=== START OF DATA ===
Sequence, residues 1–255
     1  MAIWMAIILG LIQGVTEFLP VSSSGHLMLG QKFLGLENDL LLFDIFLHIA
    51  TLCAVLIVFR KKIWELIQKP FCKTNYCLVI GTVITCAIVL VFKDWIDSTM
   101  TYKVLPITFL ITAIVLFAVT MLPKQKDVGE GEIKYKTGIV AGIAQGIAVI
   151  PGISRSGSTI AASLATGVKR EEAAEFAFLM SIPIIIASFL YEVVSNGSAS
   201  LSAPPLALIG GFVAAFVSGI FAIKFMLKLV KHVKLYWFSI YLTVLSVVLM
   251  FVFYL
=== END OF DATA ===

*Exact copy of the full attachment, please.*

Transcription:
Sequence, residues 1–255
     1  MAIWMAIILG LIQGVTEFLP VSSSGHLMLG QKFLGLENDL LLFDIFLHIA
    51  TLCAVLIVFR KKIWELIQKP FCKTNYCLVI GTVITCAIVL VFKDWIDSTM
   101  TYKVLPITFL ITAIVLFAVT MLPKQKDVGE GEIKYKTGIV AGIAQGIAVI
   151  PGISRSGSTI AASLATGVKR EEAAEFAFLM SIPIIIASFL YEVVSNGSAS
   201  LSAPPLALIG GFVAAFVSGI FAIKFMLKLV KHVKLYWFSI YLTVLSVVLM
   251  FVFYL